an angle. They are used to relate the angles of a triangle to the lengths of the sides of a triangle. Trigonometric functions are important in the study of triangles and modeling periodic
phenomena, among many other applications. The most familiar trigonometric functions are
the sine, cosine, and tangent. (Source - Wikipedia)
We have all studied these functions - Sine, Cosine and Tangent in grade school. Before
the use of computers became widespread, the values of these functions were determined by
looking them up in tables. Modern computers use a variety of techniques to calculate these
values. One simple way of estimating these functions is to use something called Taylor series.
Without going into the details of how and why this series works, the following equations are
used for estimating the trigonometric functions.
sin(x) = x −
x3
3!
+
x5
5!
−
x7
7!
+ ...
cos(x) = 1 −
x2
2!
+
x4
4!
−
x6
6!
+ ...
tan(x) = x + 13 x3 +
2 5
x
15
+
17 7
x
315
+ ...
Task 5 (6 pts) For this task, write a program that asks the user to enter a value for angle.
(this is the angle in degrees for which you will calculate the trigonometric values). Write this
program in a file called “Trig.py”.The above equations require the angle to be in radians. To
convert the user input to radians, use the following equation:
π
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Calculate the Sine, Cosine and Tangent for this angle in radians by using the appropriate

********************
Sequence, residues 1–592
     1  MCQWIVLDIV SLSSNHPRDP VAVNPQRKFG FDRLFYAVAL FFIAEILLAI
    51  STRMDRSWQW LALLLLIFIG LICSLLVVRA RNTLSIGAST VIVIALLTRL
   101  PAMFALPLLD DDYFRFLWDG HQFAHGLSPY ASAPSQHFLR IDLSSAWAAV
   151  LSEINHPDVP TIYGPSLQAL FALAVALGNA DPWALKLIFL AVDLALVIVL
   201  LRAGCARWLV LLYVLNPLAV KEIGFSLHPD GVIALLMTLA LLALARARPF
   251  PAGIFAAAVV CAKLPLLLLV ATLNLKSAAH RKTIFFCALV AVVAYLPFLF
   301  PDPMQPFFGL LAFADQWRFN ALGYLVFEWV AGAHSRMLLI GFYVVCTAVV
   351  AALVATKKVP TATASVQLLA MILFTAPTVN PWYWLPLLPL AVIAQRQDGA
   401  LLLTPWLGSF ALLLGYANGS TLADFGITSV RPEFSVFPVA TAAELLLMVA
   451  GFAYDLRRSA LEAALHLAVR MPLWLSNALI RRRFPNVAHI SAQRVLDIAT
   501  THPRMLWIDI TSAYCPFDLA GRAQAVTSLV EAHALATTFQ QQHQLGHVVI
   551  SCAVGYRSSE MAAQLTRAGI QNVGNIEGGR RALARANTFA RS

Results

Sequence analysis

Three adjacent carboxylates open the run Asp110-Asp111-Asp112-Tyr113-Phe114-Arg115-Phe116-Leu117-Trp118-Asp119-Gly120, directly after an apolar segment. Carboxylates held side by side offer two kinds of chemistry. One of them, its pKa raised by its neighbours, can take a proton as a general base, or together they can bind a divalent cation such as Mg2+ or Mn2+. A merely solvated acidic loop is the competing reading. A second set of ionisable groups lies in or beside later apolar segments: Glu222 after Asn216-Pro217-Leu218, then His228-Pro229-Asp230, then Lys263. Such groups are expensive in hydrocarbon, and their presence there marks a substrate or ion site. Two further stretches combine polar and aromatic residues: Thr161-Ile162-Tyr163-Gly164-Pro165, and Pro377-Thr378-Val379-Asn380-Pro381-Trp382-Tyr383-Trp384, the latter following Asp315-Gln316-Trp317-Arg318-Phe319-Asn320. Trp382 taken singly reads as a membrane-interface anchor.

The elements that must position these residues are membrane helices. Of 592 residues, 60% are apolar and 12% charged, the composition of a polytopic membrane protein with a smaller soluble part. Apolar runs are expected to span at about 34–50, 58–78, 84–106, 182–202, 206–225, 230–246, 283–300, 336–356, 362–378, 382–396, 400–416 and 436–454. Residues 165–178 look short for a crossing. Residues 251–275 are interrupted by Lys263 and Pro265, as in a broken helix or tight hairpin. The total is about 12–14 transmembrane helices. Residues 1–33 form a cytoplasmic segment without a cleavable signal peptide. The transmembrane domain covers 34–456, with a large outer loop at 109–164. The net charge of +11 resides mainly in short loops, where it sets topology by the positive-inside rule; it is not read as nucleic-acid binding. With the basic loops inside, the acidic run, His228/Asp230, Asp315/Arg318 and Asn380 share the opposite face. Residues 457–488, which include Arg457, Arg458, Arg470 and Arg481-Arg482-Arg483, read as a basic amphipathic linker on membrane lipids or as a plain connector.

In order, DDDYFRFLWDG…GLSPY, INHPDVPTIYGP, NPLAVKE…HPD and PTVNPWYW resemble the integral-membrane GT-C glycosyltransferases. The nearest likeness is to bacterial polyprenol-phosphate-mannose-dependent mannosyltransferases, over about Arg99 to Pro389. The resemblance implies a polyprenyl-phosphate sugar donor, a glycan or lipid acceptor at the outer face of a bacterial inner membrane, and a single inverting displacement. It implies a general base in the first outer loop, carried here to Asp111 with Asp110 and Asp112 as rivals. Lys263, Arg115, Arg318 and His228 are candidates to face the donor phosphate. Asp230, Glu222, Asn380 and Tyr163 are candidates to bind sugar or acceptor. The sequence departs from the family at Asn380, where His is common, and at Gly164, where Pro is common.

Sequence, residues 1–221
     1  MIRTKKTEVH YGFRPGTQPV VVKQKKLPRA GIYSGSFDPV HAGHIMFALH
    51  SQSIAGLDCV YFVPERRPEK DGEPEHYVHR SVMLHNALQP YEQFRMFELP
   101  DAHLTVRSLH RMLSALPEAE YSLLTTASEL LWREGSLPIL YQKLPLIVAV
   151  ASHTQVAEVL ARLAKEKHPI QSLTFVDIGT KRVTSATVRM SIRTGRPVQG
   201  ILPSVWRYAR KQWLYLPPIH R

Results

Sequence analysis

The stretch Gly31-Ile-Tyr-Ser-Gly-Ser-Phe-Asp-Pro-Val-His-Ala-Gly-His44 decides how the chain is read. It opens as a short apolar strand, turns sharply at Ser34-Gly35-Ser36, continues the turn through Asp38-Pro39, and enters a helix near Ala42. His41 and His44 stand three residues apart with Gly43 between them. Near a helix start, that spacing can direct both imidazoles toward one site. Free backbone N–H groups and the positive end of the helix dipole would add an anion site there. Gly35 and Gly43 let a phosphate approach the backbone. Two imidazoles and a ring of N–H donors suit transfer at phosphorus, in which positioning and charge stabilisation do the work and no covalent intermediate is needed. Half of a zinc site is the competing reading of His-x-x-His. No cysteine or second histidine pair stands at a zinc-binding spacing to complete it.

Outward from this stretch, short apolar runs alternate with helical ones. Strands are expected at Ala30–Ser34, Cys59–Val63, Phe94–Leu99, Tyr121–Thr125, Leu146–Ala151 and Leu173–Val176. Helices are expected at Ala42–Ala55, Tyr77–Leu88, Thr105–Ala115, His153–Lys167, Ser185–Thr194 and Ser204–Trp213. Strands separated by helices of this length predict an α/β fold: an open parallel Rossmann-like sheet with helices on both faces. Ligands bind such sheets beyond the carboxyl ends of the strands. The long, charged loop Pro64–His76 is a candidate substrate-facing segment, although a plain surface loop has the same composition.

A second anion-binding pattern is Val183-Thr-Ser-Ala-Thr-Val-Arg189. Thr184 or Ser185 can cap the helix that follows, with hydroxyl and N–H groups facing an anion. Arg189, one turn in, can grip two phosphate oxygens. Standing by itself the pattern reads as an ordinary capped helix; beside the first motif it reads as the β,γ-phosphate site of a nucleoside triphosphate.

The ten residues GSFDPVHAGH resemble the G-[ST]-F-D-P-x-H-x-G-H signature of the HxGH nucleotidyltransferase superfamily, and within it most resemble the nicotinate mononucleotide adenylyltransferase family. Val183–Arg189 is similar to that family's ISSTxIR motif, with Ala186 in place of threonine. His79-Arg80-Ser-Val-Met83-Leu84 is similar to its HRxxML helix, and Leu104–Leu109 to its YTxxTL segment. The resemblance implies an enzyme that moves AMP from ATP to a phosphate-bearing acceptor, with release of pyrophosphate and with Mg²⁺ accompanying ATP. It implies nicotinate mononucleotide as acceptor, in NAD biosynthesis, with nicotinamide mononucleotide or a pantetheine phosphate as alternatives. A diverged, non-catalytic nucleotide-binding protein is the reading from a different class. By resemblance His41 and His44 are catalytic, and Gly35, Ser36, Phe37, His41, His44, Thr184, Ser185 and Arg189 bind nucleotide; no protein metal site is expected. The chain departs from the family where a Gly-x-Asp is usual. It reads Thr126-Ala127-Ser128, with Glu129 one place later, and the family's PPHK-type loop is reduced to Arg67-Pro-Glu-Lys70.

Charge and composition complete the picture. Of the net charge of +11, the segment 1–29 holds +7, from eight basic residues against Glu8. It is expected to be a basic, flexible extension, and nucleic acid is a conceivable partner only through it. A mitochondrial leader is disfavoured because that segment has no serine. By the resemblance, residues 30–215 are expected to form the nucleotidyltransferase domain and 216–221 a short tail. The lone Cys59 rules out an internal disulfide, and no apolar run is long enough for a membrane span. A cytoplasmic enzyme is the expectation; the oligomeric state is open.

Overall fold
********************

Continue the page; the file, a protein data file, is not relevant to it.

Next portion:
equations given above. Although this series consists of infinite terms, you will only use the
first 4 terms as shown in the equations above. Print these values for Sine, Cosine and
Tangent. Use the same value of x to calculate Sine, Cosine and Tangent but this time using
the math library in Python - math.sin(x), math.cos(x), and math.tan(x) (Don’t forget to
import the math library). Now find and print the percentage error between your calculation
and those obtained by the Python library. Let’s assume that “mysinecalc” is the value of
sin(x) calculated by you using the equations defined earlier and “libsinecalc” is the value of
sin(x) calculated by Python library. The percentage error would be:
(mysinecal - libsinecalc)/libsinecalc
To summarize, you will have to implement the following steps for this question.
1. Read value for angle from the user in degrees
2. Change the angle to radians
3. Estimate the Sine of this angle by using Taylor series.
4. Print the estimated value of Sine.
5. Calculate the Sine of the same angle by using math.sin( ) function.
6. Print the calculated value of Sine.
7. Calculate and print the percentage of error between the two values of Sine obtained in
steps 3 and 5
8. Repeat steps 3-7 for Cosine and Tangent values
The output of your program should follow the following format (Notice that most numbers in
this sample are bogus, your program should have numbers that make sense):
Enter angle: 60
The Sine of 60 degrees using Taylor series is 0.2
The Sine of 60 degrees using math.sin() is 0.55
Percentage Error is: 10%
The CoSine of 60 degrees using Taylor series is 0.8
The CoSine of 60 degrees using math.cos() is 0.3
Percentage Error is: 20%
The Tangent of 60 degrees using Taylor series is 0.6
The Tangent of 60 degrees using math.tan() is 0.88
Percentage Error is: 5%
```